How can the stories be complete without introducing the cast of characters residing at the ashram?
They are a family of four, Papaji, Amma, Dr. Ash and his wife Savi (also an Ayurvedic doctor). A young Ayurvedic doctor, Manisha, who is interning with Dr. A, Kalayani who works here, and currently a 29-year-old Brazilian girl who is studying Ayurveda. Plus of course the patients, not so many in the monsoon season. I can write pages on each character, but will keep the descriptions brief.
Lets begin with Papaji. Papaji is Dr. A’s father, about 5’9, slim, semi balding, wears glasses, and he is the backbone of the place. Dressed in his little lungi and t-shirt, he is always working, always. I have never seen him just sitting with his feet up. From serving us food, to keeping the fire burning under a huge water tank, to going grocery shopping, to helping with the treatments, to kneading the dough and making dosas. He is always smiling and very kind. You can go to him with any operational problem and he very calmly helps you out.
Amma looks like what an amma should look like. I don’t know if that makes any sense, but there are some stereotypes with certain figures, and she totally fits it. She is about 5’4, plump, wears a sari, big bindi on her forehead, big eyes, some gold jewelry, and has her gray hair in a bun. If Papaji is the backbone of the place, she is the heart. This lady cooks, serves and feeds people all day long. From 6.30 a.m. she begins with preparing the concoctions for the treatments, boils medicated water for all of us, starts with breakfast prep, and continues all day long in her little kitchen with no outside help. In their peak season they have about 16-20 resident guests at any given time, and she prepares their treatment potions, cooks and feeds them all on her own.
Savi, Dr. A’s wife, about 32 years old, 5’3, fair, thick wavy hair, pretty, very calm and poised exterior. She teaches Ayurveda in a nearby college a few days a week. Savi is currently off from college and assists everyone with everything. She helps in the kitchen, with the treatments, serving the food, and usually takes care of the meds one is given to eat/drink at the dinner table. I have never seen her lose her cool as she goes about her day, considering that she and all of them share their space with so many outsiders.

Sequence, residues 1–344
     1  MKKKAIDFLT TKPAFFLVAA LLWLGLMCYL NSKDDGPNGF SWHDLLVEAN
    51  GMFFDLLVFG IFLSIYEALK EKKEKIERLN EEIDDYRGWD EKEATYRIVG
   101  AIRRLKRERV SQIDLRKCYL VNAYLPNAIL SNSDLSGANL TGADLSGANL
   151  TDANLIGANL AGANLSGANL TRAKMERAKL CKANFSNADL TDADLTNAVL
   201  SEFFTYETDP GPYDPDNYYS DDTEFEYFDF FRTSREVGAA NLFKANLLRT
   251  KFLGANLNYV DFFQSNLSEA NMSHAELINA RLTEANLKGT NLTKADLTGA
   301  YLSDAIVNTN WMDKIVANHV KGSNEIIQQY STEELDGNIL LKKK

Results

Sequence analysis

Dr. A: Such a sweet man. Very slight build, dark curly hair, Charlie Chaplin moustache, bright eyes, and a soft voice. It is hard to put into words the amount of care he gives to each patient. There is nothing commercial or rushed about the way he approaches the treatment. Patients are given the attention that THEIR body and mind needs, and also the treatment changes based on how you responded to the previous one. It’s a live organic ongoing process, nothing at all generic with short cuts. Dr. A has OPD clinic from 10.30 to 1.00, and 4.00 – 7.00 p.m. Here he treats people from the District; evidently some of them come down from pretty far.
Kalayani, young cleaning woman, about 5’3, dark skinned, petite, hair in a braid. From the moment we disembarked from the taxi, she has been looking after Amar and I in the sweetest possible way. Always smiling, full of energy and cheer, she communicates in a mix of broken Hindi and English. I like to chat with her and get information prior to a treatment, or make general conversation about the ashram and the residents. Yesterday morning, Kalayani came in a little late, her hair was in disarray, and she was not smiling. I immediately knew that she not her usual self, when she did not greet me cheerfully with her usual “Good Morning Priyaji”. Turns out that she is married to an alcoholic wife beater, and he beat her up in front of her little kids the previous night. This woman who works at the ashram from 7.00 a.m. to 8 p.m. every single day, helping people get better, lays the responsibility of her own misfortune at the feet of her bad past life karma.
Manisha, 23 years old, 5’1, cute, chubby, big doe like eyes, soft voice, and shiny long hair. She has completed her 4 years of Ayurvedic medical school and is now finishing up her 1.5 years of internship here. She has a boyfriend in Bangalore (Engineer), parents about 9 hours away, lives in a little cubbyhole of a room here, and does some of the treatments or assists Dr. Ash. Behind her shy exterior, she is very independent and spirited.
Foreign Students: There are always some foreigners studying here usually from Brazil, Australia, or America. Currently there is a Brazilian girl who was on a ‘yatra’ and is now here for a month to study.
Patients: Just yesterday this very sweet tiny little Kannada lady left after 8 days of treatment for her joints. I was curious about her and she was curious about me, but we had no common language. So we sat Kalayani down between us and had a conversation. It was hilarious because Kalayani also speaks broken Hindi/English. In the end however, we knew everything about each other’s families, kids, and health.
There is so much calm and equanimity in this place, time basically stands still. The people are serene because they live such a basic, rustic life so close to nature. I was discussing this with Amar, and wondering how there seems to be no need for friends, socialization, shopping, restaurants, dressing fancy, TV, movies…nothing. All they do all year long is to be in service to others. Their simple home is open to hundreds of people through the year; where with very open hearts they look after, feed and treat everybody. This existence of theirs is magical and pure.